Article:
STORY: Switzerland's glaciers are melting at record rate,
shrinking their overall volume by 10% in the last two years, according to a Swiss monitoring body.
"It is really possible that we are going to see an almost complete disappearance of glaciers in the Alps.”
Switzerland is home to more than half of the glaciers in the Alps.
And temperatures there are rising fast, around twice the global average due to climate change.
In 2023, Swiss glaciers suffered their second worst melt rate after record 2022 losses.
It means they lost as much ice in two years as in the three decades before 1990.
Matthias Huss leads monitoring body Glacier Monitoring Switzerland - GLAMOS.
“This year was very problematic for glaciers because there was really little snow in winter, almost record low snow depth, and the summer was very warm. The combination of these two factors is the worst that can happen to glaciers. And then of course, there is climate change that makes such extreme events as we have seen them in the last two years much more likely.”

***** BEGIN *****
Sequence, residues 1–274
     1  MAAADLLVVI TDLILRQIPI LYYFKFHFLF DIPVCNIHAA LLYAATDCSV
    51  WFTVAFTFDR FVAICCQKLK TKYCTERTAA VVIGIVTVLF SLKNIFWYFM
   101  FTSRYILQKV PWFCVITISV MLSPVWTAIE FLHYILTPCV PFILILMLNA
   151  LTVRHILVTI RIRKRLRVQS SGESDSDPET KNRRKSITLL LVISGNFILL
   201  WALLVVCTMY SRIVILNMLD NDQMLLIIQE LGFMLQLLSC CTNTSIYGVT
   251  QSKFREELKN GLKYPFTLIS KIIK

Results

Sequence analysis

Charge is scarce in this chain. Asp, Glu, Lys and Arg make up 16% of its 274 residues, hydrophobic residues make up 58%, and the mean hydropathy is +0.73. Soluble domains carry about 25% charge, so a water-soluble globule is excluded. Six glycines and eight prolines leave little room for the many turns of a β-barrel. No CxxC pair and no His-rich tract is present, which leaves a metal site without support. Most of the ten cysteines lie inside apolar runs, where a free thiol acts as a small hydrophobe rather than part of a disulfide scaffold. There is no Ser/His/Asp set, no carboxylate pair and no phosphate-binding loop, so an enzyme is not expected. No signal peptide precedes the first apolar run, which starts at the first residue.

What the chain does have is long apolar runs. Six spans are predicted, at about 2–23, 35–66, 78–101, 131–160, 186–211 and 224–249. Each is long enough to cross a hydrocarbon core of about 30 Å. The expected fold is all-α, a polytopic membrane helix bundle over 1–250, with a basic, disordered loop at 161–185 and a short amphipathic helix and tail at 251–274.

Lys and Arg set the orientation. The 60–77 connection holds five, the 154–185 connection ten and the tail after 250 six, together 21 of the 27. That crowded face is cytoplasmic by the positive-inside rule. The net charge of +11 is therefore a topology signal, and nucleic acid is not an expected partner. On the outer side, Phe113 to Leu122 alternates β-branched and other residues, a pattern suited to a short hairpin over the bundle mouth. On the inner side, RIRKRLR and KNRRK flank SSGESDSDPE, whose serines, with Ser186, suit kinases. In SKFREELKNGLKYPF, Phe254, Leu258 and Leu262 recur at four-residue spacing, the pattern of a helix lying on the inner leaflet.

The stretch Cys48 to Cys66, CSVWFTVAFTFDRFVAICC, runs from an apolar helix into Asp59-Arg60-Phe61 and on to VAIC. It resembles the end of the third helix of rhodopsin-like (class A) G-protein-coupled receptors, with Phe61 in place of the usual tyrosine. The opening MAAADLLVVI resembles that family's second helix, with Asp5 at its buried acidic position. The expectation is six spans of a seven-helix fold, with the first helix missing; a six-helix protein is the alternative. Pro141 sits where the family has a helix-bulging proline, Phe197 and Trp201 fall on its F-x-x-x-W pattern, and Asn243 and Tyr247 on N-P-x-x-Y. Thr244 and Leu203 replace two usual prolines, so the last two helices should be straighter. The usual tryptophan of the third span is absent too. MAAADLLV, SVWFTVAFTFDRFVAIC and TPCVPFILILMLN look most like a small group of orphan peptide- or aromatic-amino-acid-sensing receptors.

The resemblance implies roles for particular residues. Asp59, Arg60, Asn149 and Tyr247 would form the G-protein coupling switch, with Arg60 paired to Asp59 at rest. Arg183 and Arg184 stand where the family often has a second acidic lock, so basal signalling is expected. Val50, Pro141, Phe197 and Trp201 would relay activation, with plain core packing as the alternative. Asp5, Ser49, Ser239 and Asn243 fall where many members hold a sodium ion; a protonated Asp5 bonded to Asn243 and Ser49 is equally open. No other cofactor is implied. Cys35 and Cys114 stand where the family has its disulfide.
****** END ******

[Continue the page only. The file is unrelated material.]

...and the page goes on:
August 2023 was the peak melt month.
Pictures posted by Huss on social media during recent data collection trips
show for the first time on record new lakes forming next to glacier tongues.
In some places, bodies lost long ago have been recovered as ice sheets shrunk.
“We are really losing the small glaciers. The remnant ice is becoming covered by rocks and debris, regions that have been snow and ice covered over the last decades and centuries are becoming just black slopes that are dangerous because of rockfall.
In other places, GLAMOS had to cease monitoring due to the melt.
"So many different things change in the Alps, and this is impressive to witness.”